Review of “Without Precedent: John Marshall and His Times” by Joel Richard Paul

This is yet another book that, while focused primarily on John Marshall, compares the legacies Marshall with his political rival, Thomas Jefferson. Both men made essential contributions to the early republic. And like every other historian I have read, in this author’s assessment, Marshall was the better man.

Joel Richard Paul studied at Amherst College, the London School of Economics, Harvard Law School, and the Fletcher School of Law and Diplomacy. He teaches international economic law, foreign relations, and constitutional law at the University of California Hastings Law School, serving as the Associate Dean at the time of publication. He provides an astute analysis of John Marshall’s greatest cases, and does not hesitate to point out instances when Marshall “was no purer than his contemporaries.” Yet he clearly finds much to admire about John Marshall.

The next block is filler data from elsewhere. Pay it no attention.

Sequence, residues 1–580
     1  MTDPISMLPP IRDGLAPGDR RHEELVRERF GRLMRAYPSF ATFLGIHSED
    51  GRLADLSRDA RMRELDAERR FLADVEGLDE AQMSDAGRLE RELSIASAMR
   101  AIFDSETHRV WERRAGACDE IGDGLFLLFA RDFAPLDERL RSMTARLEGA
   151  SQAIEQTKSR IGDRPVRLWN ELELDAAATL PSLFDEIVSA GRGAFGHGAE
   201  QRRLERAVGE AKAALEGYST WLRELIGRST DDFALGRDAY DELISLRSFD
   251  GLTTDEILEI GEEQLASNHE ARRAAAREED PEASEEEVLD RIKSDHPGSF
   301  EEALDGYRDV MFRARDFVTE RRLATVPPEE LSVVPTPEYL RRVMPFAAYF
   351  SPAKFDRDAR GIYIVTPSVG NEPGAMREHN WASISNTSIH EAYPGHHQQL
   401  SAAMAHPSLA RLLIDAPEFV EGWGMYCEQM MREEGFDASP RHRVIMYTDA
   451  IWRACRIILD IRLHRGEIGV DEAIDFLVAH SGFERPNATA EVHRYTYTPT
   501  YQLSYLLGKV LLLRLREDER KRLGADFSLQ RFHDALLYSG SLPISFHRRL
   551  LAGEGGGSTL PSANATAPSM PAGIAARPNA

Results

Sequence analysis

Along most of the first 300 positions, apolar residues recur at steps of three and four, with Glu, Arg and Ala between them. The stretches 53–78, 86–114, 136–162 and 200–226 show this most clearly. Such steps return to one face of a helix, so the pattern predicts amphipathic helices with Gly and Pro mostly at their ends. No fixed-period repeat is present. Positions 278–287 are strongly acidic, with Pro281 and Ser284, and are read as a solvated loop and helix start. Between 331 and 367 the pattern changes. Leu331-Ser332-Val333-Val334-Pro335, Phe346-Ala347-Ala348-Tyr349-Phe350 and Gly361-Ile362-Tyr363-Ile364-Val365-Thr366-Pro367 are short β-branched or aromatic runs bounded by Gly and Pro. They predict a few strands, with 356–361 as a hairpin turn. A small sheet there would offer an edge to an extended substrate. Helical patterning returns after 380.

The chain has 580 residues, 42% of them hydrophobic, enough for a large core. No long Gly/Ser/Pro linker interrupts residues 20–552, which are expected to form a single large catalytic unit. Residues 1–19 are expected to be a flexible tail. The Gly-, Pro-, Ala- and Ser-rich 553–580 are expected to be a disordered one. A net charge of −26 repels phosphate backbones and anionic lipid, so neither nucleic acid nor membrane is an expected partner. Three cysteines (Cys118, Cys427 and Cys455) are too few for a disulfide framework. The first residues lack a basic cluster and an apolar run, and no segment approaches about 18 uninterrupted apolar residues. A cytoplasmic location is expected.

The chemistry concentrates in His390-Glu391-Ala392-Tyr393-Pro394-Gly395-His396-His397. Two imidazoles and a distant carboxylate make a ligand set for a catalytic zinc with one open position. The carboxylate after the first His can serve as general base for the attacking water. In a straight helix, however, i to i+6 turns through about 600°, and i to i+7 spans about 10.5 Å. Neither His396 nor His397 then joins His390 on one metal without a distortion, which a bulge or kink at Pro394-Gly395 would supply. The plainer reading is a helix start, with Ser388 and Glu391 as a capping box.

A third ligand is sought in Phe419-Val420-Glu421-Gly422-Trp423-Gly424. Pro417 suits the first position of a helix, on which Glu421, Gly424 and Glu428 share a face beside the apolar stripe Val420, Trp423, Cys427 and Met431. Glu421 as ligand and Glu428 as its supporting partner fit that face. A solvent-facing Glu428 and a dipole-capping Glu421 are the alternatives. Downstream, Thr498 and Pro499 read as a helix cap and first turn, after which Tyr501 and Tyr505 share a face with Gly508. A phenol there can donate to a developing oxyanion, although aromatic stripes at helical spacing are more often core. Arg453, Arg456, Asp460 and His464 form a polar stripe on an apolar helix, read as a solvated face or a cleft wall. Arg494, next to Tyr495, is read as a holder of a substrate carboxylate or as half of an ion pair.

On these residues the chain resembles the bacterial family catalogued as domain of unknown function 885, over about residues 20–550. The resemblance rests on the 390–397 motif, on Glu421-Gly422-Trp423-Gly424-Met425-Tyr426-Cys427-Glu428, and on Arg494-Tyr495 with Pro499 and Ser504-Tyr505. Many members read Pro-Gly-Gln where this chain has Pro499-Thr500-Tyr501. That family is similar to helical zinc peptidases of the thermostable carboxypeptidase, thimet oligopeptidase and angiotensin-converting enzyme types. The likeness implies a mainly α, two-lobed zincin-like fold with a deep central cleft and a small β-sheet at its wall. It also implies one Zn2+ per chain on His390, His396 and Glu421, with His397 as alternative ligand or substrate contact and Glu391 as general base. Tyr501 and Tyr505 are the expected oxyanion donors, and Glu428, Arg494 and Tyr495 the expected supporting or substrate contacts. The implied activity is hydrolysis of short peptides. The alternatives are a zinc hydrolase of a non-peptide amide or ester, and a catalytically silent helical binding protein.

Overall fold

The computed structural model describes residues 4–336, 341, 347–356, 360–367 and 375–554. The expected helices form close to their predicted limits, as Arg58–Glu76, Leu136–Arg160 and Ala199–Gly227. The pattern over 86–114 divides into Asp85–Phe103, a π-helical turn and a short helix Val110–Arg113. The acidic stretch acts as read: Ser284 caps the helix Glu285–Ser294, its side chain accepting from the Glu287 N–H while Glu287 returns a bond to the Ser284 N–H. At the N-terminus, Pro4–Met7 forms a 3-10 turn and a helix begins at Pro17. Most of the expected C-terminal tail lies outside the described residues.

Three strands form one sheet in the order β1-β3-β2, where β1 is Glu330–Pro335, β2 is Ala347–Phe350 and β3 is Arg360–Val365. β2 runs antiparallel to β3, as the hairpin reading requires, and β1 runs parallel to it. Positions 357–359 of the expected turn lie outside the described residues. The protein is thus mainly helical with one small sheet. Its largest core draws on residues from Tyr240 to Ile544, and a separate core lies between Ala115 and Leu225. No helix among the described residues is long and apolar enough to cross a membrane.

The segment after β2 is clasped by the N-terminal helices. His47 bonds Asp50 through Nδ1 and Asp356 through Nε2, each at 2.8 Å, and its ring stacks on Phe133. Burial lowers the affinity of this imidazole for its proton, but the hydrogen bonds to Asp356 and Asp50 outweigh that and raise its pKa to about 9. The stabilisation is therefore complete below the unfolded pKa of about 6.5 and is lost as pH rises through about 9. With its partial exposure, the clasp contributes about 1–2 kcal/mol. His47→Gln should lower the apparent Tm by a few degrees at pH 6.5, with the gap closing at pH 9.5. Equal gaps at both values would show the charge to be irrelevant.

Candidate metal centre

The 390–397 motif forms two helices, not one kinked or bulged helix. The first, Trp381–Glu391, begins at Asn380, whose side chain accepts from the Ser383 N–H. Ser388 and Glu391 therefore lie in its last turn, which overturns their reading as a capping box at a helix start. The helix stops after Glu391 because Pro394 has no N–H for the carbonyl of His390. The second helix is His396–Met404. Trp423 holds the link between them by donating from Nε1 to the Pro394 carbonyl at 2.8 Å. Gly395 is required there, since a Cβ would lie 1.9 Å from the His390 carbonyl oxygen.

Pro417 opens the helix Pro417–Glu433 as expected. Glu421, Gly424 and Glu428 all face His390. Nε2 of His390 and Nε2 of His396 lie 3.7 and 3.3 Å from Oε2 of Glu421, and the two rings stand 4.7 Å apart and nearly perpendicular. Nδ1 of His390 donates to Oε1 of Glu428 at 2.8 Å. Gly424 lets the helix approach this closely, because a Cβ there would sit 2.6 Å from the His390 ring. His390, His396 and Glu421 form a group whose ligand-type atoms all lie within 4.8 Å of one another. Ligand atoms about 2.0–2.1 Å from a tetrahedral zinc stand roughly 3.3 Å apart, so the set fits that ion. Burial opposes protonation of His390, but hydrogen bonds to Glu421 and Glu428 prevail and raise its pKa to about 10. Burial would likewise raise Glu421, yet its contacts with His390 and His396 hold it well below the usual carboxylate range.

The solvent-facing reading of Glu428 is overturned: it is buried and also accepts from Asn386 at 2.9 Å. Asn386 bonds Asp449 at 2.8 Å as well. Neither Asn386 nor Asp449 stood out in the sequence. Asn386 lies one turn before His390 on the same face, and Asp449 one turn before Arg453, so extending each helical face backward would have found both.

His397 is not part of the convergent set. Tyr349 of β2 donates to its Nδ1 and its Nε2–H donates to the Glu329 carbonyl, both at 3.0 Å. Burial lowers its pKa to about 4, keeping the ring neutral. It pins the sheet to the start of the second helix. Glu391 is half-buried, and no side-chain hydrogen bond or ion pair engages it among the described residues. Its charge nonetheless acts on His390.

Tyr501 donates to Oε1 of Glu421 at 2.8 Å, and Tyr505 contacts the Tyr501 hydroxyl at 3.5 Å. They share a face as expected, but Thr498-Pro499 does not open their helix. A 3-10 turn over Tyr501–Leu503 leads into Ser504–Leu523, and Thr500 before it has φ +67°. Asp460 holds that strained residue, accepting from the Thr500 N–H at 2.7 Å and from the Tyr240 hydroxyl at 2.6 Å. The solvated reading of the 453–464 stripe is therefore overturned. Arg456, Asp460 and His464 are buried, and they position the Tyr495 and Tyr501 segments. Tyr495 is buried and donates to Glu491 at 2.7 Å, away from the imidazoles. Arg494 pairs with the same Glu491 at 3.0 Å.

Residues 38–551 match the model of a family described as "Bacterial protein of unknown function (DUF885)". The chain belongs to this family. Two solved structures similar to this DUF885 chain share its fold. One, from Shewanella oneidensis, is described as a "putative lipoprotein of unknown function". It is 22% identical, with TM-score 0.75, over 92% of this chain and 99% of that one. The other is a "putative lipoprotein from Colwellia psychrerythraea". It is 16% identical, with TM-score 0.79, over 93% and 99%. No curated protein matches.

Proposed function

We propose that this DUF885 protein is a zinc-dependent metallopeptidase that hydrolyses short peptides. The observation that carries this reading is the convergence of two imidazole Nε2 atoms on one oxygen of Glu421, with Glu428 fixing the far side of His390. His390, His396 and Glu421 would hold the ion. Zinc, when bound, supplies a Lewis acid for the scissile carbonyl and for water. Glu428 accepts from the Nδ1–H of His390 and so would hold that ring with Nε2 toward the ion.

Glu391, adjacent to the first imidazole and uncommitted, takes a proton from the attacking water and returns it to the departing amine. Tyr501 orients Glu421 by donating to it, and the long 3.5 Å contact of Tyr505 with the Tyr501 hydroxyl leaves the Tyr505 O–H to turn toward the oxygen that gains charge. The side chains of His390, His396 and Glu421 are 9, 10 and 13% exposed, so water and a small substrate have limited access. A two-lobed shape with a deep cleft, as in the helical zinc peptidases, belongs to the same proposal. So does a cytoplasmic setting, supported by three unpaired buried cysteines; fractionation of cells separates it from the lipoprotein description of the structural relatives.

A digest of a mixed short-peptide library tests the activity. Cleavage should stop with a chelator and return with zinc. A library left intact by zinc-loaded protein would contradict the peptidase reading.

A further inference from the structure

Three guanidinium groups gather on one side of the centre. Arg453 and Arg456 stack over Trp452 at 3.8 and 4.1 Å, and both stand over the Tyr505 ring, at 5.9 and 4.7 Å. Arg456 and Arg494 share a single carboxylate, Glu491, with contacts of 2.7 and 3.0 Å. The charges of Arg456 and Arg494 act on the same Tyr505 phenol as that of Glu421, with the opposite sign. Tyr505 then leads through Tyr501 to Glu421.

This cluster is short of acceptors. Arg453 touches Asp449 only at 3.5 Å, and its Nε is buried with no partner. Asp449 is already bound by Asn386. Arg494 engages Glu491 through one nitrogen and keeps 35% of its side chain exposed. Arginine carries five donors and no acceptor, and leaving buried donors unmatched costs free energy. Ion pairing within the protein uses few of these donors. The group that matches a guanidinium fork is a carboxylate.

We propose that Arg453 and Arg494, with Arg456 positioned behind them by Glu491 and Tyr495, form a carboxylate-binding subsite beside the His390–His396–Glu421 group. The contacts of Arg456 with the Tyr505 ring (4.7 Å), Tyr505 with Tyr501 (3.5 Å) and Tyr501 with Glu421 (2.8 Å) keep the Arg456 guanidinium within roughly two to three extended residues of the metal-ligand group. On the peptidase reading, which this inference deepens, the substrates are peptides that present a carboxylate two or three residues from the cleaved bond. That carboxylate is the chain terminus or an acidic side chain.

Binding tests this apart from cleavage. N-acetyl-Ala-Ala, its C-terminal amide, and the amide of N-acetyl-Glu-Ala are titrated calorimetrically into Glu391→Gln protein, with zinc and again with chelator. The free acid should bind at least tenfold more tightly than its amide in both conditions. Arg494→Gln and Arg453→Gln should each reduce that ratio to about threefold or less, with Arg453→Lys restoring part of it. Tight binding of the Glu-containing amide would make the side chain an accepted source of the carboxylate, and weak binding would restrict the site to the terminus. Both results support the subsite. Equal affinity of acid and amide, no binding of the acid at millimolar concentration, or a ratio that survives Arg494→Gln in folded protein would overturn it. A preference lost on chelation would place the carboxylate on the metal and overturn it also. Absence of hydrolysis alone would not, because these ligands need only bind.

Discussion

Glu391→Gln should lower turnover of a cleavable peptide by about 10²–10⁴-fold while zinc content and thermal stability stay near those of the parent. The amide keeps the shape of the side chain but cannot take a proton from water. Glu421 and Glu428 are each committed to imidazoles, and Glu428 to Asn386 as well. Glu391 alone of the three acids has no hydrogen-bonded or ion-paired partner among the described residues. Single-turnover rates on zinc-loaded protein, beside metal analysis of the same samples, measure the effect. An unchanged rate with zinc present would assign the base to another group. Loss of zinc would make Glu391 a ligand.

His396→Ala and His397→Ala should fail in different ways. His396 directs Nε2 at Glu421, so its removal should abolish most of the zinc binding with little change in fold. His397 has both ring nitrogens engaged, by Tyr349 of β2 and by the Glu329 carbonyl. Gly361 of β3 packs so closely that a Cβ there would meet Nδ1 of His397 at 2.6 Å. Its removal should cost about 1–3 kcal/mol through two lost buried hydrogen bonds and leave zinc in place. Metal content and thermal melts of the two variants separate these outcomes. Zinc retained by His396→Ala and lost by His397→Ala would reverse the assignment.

As he notes in his introduction:

None of the founding generation of American leaders had a greater impact on the American Constitution than John Marshall, and no one did more than Marshall to preserve the delicate unity of the fledgling republic.”

This was done by a man whose only formal education was one year of grammar school and six weeks of law school! Yet this self-taught man went on to exhibit not only a wide-ranging erudition but a sense of honesty and decency that won over even those who began as his opponents. (The exception of course was the intractable Jefferson, who saw Marshall as standing in the path of Jefferson’s control of all branches of government.) Marshall’s special forte was the art of compromise, which he employed both as a diplomat in France, and on the court which he led for thirty-four years, longer than any other chief justice. More critically, he single-handedly established the court’s importance and supremacy in American life.

Marshall was born on September 24, 1755 in Germantown, Virginia, the eldest of fifteen children. His mother was a first cousin of Thomas Jefferson’s mother but the families were not close. Because of a scandal involving Marshall’s maternal grandmother, the Marshall side of the family was disinherited, and Jefferson’s family got most of the wealth. As Paul observes:

As a result, Thomas Jefferson grew up at Tuckahoe with five hundred slaves. There he enjoyed enormous privilege and wealth. His cousin John Marshall and his fourteen siblings grew up on the frontier working the stony soil on their father’s modest farm.”